Hitachi Review

Development of Emergency Train Travel Function Provided by Stationary Energy Storage System

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Interest in energy-saving and reusable energy has been growing since the Great East Japan Earthquake, and methods of safely guiding passengers during emergencies when the power supply from power companies fails have become an area of concern. Hitachi has responded by focusing on a stationary energy storage system with an emergency train travel function. During a power failure, the stationary energy storage system uses power stored in lithium-ion batteries to enable trains to travel to the nearest station under their own power with the passengers still on board. The stationary energy storage system’s emergency train travel function was studied and developed through discussions with Tokyo Metro Co., Ltd. The stationary energy storage system was considered for operation at the Kasai substation on the Tokyo Metro Tozai Line, and after field testing there, was recently delivered for service at that site.

Table of contents

ABOUT THE AUTHORS

Yasunori Kume

Power Supply Systems Department, Transportation Systems Division, Railway Systems Business Unit, Hitachi, Ltd. He is currently engaged in system engineering for railway electrical conversion systems.

Hironori Kawatsu

Power Electronics Design Department, Industrial Products Business Unit, Hitachi, Ltd. He is currently engaged in the development of regenerative power storage systems.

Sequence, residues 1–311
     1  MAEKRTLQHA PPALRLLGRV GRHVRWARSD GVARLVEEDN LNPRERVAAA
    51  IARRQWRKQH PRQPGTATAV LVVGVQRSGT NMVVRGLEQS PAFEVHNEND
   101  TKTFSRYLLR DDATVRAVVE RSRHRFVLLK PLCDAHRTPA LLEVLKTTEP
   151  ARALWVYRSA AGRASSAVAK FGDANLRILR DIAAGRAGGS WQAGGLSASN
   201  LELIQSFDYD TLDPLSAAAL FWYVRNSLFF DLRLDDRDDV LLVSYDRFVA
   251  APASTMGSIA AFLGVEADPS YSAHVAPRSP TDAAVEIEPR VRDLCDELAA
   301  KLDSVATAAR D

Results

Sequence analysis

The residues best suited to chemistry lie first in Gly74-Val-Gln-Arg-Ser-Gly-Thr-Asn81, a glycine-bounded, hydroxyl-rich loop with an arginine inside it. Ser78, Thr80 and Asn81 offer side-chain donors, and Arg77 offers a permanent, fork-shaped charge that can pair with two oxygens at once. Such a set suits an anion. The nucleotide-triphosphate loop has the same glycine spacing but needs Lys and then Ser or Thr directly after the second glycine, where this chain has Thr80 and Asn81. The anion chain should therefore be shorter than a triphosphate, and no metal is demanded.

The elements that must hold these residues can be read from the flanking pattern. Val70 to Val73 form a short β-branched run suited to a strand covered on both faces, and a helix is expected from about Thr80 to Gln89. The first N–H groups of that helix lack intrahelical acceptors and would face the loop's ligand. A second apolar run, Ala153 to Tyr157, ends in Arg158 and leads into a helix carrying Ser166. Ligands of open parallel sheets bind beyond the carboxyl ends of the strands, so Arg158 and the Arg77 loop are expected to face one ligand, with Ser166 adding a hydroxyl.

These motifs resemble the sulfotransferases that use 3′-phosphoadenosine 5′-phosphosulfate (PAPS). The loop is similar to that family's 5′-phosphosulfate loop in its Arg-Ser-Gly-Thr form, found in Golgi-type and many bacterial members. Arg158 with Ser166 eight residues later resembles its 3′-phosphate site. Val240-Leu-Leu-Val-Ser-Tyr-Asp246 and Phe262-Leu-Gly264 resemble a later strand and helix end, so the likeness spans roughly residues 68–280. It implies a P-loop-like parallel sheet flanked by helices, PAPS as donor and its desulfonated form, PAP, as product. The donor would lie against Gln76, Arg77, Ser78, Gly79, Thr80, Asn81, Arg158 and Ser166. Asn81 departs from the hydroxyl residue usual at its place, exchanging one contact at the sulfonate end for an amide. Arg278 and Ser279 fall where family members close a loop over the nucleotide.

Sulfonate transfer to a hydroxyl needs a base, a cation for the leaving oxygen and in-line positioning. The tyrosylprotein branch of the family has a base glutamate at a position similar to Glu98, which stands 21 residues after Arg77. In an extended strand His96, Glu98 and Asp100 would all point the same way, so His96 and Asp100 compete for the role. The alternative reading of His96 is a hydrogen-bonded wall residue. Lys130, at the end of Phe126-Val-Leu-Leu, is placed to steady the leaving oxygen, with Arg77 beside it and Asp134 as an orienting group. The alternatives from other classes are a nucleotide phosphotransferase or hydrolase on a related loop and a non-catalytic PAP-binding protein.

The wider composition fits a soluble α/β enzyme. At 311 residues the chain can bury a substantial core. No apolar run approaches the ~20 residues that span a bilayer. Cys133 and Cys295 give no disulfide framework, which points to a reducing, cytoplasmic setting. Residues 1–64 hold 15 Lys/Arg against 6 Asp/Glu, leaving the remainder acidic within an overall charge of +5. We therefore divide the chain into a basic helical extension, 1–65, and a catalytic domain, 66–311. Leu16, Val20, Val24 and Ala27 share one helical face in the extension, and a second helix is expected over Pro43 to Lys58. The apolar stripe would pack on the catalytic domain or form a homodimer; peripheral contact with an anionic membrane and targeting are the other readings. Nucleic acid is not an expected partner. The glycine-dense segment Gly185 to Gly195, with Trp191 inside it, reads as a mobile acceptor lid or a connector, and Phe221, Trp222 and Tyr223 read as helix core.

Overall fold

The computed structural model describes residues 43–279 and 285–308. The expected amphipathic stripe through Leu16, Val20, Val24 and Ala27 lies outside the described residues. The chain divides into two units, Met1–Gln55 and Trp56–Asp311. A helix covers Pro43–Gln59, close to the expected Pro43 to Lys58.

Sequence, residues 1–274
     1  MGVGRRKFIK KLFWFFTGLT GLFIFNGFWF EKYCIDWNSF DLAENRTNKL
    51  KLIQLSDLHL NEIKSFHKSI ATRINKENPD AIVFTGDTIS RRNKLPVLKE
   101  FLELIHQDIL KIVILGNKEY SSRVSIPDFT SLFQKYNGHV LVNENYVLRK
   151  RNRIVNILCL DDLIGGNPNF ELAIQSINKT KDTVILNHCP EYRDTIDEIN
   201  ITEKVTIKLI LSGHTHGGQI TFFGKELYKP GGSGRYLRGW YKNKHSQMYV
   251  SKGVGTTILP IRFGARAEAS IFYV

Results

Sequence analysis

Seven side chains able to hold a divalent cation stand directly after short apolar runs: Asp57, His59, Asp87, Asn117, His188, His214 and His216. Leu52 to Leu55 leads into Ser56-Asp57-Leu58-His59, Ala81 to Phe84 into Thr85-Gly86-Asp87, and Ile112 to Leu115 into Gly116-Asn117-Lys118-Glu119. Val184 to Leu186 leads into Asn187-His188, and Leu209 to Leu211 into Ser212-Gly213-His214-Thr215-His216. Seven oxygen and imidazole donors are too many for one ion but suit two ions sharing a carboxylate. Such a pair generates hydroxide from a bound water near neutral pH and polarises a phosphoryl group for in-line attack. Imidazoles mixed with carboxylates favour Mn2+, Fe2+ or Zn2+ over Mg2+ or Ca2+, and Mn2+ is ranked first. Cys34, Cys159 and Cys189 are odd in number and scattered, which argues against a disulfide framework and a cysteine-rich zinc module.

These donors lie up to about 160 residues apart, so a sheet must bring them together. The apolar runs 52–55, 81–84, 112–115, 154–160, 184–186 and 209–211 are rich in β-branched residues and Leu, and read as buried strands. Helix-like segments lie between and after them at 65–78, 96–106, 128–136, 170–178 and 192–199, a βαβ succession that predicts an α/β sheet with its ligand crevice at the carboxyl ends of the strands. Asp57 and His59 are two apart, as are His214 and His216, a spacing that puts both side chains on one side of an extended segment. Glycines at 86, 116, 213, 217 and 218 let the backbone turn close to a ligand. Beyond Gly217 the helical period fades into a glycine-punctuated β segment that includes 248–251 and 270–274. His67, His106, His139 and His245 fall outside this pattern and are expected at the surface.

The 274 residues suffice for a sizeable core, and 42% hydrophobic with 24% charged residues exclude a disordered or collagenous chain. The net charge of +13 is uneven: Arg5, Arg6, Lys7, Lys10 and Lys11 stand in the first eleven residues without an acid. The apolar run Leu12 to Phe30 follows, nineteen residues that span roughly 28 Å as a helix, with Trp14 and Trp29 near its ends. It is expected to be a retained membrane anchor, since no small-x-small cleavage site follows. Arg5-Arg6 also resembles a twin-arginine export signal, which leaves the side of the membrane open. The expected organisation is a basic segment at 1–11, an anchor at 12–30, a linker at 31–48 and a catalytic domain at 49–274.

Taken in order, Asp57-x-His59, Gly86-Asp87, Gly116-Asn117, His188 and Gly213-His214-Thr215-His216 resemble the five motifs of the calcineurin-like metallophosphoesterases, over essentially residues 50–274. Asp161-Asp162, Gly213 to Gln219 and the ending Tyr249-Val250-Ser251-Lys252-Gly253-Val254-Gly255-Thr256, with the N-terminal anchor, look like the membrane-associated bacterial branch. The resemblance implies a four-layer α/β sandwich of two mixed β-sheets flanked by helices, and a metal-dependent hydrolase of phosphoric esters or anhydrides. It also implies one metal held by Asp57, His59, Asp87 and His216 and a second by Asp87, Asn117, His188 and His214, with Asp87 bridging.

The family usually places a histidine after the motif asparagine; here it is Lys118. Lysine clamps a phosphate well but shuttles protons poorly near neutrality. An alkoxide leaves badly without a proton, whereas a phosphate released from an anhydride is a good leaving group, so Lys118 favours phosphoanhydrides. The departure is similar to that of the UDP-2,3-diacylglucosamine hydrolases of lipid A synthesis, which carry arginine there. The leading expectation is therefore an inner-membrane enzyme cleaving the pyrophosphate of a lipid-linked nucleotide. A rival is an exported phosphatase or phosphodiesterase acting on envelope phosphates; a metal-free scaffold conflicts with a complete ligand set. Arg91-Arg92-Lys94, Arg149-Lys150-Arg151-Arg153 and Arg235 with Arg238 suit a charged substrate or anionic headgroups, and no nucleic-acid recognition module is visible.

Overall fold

Takahiro Shimizu

Power Electronics Design Department, Industrial Products Business Unit, Hitachi, Ltd. He is currently engaged in the development of power electronics products.

INTRODUCTION

SINCE delivery of the first lithium-ion battery-driven stationary energy storage system by Hitachi in 2007, ten stationary energy storage systems have been put into operation around the world. The stationary energy storage system was developed as a regenerative power system with an energy-saving function that prevents regeneration cancelled, which can cause regenerative braking failure in trains, and supplies power stored in lithium-ion batteries as energy for powering. However, the stationary energy storage system does not only prevent regeneration cancelled, it also has been studied for applications that involve using its power supply function to supplement substation power or for train travel. In 2014, Hitachi field-tested a train powered entirely by lithium-ion batteries, and verified the feasibility of using lithium-ion batteries for emergency train travel(1).

Given this background, this article reports on the creation of a self-sufficient power system and a function for switching to emergency travel mode, which were required for the full-scale implementation of the stationary energy storage system, along with improvements to the direct current (DC) to DC converter for charge/discharge control.

STATIONARY ENERGY STORAGE SYSTEM

System Overview

The stationary energy storage system uses lithium-ion batteries to store regenerative power generated from the braking force of a train, and supplies this stored power while powering. The system is designed to use power effectively by repeating this series of operations.

The stationary energy storage system is connected to the feeder line (positive side) and rail (negative side) in a substation via a DC high-speed circuit breaker (HSCB) panel and isolator panel (see Fig. 1). The DC HSCB panel is designed to break the circuit to the feeder line on the positive side, and the isolator panel is designed to break the circuit to the rail on the negative side. The stationary energy storage system is composed of a chopper panel (DC-DC converter) and storage battery panel. The chopper panel is used to perform the appropriate charge/discharge control operations in response to the storage battery state and feeding state.

Fig. 1—Stationary Energy Storage System Configuration.The figure shows the configuration of the system with the stationary energy storage system in the center.

Storage Batteries